As of January 1, 2013, Arizona has done away with custody. In its place Arizona has adopted “Legal Decision Making”. Legal decision making means the legal right and responsibility to make all non-emergency legal decisions for a child including those regarding education, health care, religious training and personal care decisions.
There are two types of legal decision making, sole and joint.
A parent with Sole Legal Decision Making authority will make all legal decisions unilaterally. While, Joint legal decision making means both parents share decision-making and neither parent’s rights or responsibilities are superior except with respect to specified decisions as set forth by the court or the parents in the final judgment or order.
It is important to know and understand that Arizona now leans in favor of joint legal decision making. It is also important to understand that if you are seeking sole legal decision making authority that you must demonstrate to the court sufficient grounds to merit this request. These grounds will be discussed in more detail below.
In Arizona, parents are often confused about the differences between legal decision making authority and parenting time:
As described above Legal decision making authority is about decisions regarding school, religion and medical care for their children. Parenting time (formal known as visitation or access in Arizona) refers to where and with whom the child will live. Most of the time, children will split the time they spend living with one parent and the other, sometimes equally, sometimes unequally.
In determining if sole legal decision making is appropriate in a case were the parties cannot agree the court looks at several factors:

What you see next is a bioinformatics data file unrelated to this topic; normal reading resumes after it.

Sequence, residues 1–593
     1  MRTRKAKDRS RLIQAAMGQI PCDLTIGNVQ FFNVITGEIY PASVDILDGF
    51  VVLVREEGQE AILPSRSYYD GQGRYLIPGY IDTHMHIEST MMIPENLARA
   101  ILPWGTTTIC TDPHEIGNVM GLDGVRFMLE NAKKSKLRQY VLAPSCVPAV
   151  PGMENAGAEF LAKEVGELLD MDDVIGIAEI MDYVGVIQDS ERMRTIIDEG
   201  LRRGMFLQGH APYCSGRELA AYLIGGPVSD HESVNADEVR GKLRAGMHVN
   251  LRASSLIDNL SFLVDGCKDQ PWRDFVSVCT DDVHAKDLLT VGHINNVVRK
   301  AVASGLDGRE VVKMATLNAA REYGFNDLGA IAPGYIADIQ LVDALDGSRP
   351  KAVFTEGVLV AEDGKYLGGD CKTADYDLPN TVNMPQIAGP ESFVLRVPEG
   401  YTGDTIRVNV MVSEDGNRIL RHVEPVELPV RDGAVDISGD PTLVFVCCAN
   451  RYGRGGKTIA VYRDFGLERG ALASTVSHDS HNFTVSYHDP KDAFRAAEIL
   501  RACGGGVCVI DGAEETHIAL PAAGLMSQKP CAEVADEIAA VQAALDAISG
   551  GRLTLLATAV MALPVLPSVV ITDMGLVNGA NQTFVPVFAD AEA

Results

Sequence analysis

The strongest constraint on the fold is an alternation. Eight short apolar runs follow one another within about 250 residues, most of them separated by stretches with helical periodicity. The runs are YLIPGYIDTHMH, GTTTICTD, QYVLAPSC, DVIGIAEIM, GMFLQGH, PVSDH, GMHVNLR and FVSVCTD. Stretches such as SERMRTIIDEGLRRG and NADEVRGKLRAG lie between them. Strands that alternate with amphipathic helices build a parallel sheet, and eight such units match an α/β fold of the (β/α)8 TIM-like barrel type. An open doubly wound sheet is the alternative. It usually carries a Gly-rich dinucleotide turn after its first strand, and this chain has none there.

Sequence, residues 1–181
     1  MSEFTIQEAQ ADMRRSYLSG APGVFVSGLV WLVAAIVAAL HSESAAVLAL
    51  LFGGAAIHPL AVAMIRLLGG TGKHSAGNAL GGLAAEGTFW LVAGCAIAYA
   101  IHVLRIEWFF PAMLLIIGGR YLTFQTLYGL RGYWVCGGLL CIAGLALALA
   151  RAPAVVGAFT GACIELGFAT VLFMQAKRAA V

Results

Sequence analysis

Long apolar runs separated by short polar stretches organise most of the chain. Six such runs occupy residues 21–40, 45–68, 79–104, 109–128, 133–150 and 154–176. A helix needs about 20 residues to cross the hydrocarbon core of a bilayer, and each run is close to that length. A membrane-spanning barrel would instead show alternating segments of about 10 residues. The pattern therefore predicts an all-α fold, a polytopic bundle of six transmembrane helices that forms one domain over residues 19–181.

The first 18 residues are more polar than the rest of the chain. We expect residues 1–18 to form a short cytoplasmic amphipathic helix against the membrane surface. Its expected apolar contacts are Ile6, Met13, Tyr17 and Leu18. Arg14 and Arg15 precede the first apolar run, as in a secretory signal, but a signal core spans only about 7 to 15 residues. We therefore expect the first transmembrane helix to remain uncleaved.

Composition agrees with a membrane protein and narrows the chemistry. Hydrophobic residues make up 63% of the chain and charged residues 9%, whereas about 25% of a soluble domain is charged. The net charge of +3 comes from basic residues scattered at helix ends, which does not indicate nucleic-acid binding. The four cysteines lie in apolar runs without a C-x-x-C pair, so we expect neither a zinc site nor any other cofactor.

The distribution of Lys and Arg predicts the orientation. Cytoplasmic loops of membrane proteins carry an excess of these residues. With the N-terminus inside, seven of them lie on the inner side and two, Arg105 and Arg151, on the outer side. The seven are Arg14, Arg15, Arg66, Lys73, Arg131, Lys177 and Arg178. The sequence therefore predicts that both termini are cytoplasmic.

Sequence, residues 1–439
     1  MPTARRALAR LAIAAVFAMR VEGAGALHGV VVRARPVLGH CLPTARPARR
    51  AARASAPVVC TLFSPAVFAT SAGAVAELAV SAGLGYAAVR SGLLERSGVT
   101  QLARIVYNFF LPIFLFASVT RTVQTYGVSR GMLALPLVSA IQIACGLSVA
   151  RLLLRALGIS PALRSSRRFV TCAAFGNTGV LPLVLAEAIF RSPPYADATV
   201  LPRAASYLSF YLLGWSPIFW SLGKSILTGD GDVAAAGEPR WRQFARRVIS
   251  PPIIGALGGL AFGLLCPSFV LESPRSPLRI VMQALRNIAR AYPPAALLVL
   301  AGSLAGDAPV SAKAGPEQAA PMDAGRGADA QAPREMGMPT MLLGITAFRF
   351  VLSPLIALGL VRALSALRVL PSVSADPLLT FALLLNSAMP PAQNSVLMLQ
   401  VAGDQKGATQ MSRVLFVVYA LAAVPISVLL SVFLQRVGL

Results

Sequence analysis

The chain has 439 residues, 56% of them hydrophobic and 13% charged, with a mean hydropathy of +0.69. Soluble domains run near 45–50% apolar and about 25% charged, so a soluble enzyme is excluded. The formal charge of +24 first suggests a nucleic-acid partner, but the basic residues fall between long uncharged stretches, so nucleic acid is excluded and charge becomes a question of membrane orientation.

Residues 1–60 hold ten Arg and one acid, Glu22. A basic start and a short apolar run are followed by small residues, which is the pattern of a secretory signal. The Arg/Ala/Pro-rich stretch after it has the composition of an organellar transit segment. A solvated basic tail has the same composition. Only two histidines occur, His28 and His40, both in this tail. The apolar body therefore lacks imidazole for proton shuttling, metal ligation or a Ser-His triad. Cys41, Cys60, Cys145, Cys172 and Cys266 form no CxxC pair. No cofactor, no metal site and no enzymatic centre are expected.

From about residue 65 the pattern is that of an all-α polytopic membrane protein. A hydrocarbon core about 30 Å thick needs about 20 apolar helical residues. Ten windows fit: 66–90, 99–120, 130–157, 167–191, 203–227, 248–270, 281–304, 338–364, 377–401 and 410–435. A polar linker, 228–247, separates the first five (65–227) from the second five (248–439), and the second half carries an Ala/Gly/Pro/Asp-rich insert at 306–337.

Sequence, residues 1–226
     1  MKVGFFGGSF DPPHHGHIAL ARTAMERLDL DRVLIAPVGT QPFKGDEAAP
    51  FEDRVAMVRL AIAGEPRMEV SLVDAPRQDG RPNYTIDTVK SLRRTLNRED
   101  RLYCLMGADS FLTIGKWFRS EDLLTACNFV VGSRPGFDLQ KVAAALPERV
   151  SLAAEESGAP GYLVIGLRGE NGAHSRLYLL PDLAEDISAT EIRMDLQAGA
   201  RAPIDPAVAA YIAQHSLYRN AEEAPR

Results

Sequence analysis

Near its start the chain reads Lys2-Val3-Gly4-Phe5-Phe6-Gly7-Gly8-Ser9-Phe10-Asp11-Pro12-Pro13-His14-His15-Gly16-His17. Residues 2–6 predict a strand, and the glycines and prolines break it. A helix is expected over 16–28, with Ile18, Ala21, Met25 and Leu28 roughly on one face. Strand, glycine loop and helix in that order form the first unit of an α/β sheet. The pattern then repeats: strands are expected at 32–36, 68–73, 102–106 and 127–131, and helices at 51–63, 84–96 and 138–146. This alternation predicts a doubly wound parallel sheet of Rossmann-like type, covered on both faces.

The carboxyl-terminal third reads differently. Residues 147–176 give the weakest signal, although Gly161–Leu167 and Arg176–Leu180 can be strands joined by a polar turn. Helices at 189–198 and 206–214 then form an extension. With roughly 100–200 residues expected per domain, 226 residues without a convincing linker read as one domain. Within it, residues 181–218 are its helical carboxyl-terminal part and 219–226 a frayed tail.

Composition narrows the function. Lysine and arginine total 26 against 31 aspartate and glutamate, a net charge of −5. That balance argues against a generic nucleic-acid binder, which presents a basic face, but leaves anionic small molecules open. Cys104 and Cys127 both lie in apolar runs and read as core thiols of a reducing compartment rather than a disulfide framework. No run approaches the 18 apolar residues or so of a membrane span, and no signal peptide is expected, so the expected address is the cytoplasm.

1. The past, present and potential future relationship between the parent and the child.
2. The interaction and interrelationship of the child with the child’s parent or parents, the child’s siblings and any other person who may significantly affect the child’s best interest.
3. The child’s adjustment to home, school and community.
4. If the child is of suitable age and maturity, the wishes of the child as to legal decision-making and parenting time.
5. The mental and physical health of all individuals involved.
6. Which parent is more likely to allow the child frequent, meaningful and continuing contact with the other parent. This paragraph does not apply if the court determines that a parent is acting in good faith to protect the child from witnessing an act of domestic violence or being a victim of domestic violence or child abuse.
7. Whether one parent intentionally misled the court to cause an unnecessary delay, to increase the cost of litigation or to persuade the court to give a legal decision-making or a parenting time preference to that parent.
8. Whether there has been domestic violence or child abuse in accordance with relevant statutes.
9. The nature and extent of coercion or duress used by a parent in obtaining an agreement regarding legal decision-making or parenting time.
10. Whether a parent has complied with and taken the required parent information program class.
11. Whether either parent was convicted of an act of false reporting of child abuse or neglect.
In addition to domestic violence, there is a presumption in the State of Arizona that parents who have abused drugs or alcohol and/or have been convicted of certain drug offenses within the twelve months preceding commencement of a case, that it is not in the best interests of a child for the abusing or convicted parent to be awarded either joint or sole legal decision making authority. §25-403.04